If you go ahead with the conversion, consider a call to Jimmy at BGA Reworking (https://www.bga-reworking.co.uk/)*. He specialises in one-off battery builds and can probably recommend a high-capacity one for you. His price will be lower than an off-the-shelf option and will be made to suit your application. A 21.5Ah one might do the trick.

* No connection other than being a satisfied customer.
Title: Re: Should I go electric ?.
Post by: cycleman on 03 February, 2018, 03:27:22 pm
Any idea what 2500 euro is in real British money? ;) . I might be able to convince the trust fund  :).
Title: Re: Should I go electric ?.
Post by: Kim on 03 February, 2018, 03:43:32 pm
Any idea what 2500 euro is in real British money? ;) . I might be able to convince the trust fund  :).

Top tip: You can just ask google "2500 EUR in GBP"

Currently £2206.08
Title: Re: Should I go electric ?.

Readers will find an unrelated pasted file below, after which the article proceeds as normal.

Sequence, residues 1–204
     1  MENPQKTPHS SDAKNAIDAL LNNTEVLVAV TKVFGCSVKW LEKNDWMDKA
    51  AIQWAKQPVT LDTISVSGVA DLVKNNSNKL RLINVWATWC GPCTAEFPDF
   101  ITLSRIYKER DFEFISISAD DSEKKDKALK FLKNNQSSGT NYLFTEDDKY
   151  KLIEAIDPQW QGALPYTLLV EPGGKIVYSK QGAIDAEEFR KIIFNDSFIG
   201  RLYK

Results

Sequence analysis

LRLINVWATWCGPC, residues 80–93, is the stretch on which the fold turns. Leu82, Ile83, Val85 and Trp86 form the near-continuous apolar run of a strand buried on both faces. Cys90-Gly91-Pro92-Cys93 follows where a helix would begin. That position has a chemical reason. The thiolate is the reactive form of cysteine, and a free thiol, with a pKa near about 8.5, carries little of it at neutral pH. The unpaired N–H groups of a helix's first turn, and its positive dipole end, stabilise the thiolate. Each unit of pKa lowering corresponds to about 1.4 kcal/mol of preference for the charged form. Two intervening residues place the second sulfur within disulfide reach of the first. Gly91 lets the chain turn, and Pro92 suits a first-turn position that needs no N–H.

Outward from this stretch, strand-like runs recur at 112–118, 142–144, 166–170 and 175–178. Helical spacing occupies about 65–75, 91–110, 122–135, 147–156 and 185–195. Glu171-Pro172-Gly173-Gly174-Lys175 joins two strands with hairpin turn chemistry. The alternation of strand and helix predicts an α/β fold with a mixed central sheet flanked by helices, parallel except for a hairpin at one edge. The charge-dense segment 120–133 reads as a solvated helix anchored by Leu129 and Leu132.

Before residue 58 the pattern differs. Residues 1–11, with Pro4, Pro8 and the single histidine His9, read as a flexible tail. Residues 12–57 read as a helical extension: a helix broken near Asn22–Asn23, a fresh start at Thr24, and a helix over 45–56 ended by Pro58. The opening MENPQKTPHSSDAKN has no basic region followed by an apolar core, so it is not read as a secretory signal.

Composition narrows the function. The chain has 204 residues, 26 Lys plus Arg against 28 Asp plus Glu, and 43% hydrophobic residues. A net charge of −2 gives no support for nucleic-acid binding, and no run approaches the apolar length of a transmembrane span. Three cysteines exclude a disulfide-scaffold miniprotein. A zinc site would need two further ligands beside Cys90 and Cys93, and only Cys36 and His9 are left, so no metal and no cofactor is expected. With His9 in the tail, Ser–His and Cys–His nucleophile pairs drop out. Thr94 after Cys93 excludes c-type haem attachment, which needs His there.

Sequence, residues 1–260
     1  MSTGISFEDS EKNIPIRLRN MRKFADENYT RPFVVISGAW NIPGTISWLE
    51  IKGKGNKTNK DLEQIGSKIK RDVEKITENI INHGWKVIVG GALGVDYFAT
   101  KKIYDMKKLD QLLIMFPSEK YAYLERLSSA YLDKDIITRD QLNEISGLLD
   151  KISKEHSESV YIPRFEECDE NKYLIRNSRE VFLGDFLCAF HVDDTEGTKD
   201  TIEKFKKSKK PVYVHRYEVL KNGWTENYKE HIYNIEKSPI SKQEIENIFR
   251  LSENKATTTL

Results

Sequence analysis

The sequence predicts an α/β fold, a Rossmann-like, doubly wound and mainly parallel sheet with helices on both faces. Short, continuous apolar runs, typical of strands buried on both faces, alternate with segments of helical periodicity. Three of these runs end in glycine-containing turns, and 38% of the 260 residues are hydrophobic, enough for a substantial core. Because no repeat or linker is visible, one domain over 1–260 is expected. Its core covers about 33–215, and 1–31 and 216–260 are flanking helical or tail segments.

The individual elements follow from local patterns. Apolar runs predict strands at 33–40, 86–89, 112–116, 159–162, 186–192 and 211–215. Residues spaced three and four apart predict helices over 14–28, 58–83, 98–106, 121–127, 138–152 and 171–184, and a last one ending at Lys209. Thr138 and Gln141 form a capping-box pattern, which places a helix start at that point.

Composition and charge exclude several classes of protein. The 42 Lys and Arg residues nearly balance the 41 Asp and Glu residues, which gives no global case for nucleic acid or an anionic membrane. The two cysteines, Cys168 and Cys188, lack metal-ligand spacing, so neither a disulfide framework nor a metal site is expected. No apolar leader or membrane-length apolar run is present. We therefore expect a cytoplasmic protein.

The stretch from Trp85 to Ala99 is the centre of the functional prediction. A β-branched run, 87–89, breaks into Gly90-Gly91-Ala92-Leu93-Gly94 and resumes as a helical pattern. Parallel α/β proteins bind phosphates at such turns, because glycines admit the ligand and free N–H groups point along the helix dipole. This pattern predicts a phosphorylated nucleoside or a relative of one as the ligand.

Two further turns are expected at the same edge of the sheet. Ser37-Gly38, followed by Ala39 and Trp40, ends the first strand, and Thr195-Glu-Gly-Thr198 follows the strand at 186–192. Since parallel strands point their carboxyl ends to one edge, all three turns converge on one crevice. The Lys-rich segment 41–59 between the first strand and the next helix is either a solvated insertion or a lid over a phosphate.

Post by: jsabine on 03 February, 2018, 03:46:13 pm
Any idea what 2500 euro is in real British money? ;) . I might be able to convince the trust fund  :).

Top tip: You can just ask google "2500 EUR in GBP"

Currently £2206.08

I was going to say that www.xe.com (http://www.xe.com/currencyconverter/convert/?Amount=2500&From=EUR&To=GBP) was your friend for all currency conversion queries - it currently reckons £2205.68.
Title: Re: Should I go electric ?.
Post by: cycleman on 03 February, 2018, 03:52:05 pm
Thanks both of you  :thumbsup:
Title: Re: Should I go electric ?.
Post by: CAMRAMan on 03 February, 2018, 05:47:30 pm
I am not sure how the SRAM Dual Drive will cope with the Bafang BB solution. It might be fine, but it depends on how well you time the hub gear changes. Aunty Helen's blog gives a good way to make smoother gear changes. It's a fair way through the passage though. BB drives are harsher on the drivetrain, IME, so bear this in mind if yours is in any way creaky. There are gear sensors fitted to some off-the-shelf ebikes that cut out the power very briefly during gear changes, whether these are available to kits like the Bafang is something worth finding out.
Title: Re: Should I go electric ?.